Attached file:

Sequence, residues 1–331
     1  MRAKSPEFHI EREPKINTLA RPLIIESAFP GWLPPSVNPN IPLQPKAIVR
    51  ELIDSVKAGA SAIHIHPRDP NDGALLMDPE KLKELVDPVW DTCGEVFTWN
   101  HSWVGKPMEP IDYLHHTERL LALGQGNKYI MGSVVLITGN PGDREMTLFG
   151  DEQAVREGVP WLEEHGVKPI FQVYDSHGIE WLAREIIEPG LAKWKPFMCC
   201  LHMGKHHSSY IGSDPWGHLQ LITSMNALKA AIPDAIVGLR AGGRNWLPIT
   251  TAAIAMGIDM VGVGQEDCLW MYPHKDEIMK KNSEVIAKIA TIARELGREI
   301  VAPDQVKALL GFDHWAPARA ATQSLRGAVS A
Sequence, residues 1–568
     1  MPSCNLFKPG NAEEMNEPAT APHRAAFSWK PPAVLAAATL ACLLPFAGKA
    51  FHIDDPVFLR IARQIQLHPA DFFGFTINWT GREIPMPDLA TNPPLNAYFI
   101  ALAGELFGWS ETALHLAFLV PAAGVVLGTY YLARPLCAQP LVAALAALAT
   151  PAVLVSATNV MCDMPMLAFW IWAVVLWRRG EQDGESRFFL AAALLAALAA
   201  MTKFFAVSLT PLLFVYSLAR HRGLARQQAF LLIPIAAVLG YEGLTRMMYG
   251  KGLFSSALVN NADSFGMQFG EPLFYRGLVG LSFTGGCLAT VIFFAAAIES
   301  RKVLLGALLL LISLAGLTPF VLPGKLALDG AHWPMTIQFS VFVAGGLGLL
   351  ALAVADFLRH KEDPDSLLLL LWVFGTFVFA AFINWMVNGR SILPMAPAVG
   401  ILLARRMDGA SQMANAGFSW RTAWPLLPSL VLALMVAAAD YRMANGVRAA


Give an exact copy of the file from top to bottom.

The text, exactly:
Sequence, residues 1–331
     1  MRAKSPEFHI EREPKINTLA RPLIIESAFP GWLPPSVNPN IPLQPKAIVR
    51  ELIDSVKAGA SAIHIHPRDP NDGALLMDPE KLKELVDPVW DTCGEVFTWN
   101  HSWVGKPMEP IDYLHHTERL LALGQGNKYI MGSVVLITGN PGDREMTLFG
   151  DEQAVREGVP WLEEHGVKPI FQVYDSHGIE WLAREIIEPG LAKWKPFMCC
   201  LHMGKHHSSY IGSDPWGHLQ LITSMNALKA AIPDAIVGLR AGGRNWLPIT
   251  TAAIAMGIDM VGVGQEDCLW MYPHKDEIMK KNSEVIAKIA TIARELGREI
   301  VAPDQVKALL GFDHWAPARA ATQSLRGAVS A
Sequence, residues 1–568
     1  MPSCNLFKPG NAEEMNEPAT APHRAAFSWK PPAVLAAATL ACLLPFAGKA
    51  FHIDDPVFLR IARQIQLHPA DFFGFTINWT GREIPMPDLA TNPPLNAYFI
   101  ALAGELFGWS ETALHLAFLV PAAGVVLGTY YLARPLCAQP LVAALAALAT
   151  PAVLVSATNV MCDMPMLAFW IWAVVLWRRG EQDGESRFFL AAALLAALAA
   201  MTKFFAVSLT PLLFVYSLAR HRGLARQQAF LLIPIAAVLG YEGLTRMMYG
   251  KGLFSSALVN NADSFGMQFG EPLFYRGLVG LSFTGGCLAT VIFFAAAIES
   301  RKVLLGALLL LISLAGLTPF VLPGKLALDG AHWPMTIQFS VFVAGGLGLL
   351  ALAVADFLRH KEDPDSLLLL LWVFGTFVFA AFINWMVNGR SILPMAPAVG
   401  ILLARRMDGA SQMANAGFSW RTAWPLLPSL VLALMVAAAD YRMANGVRAA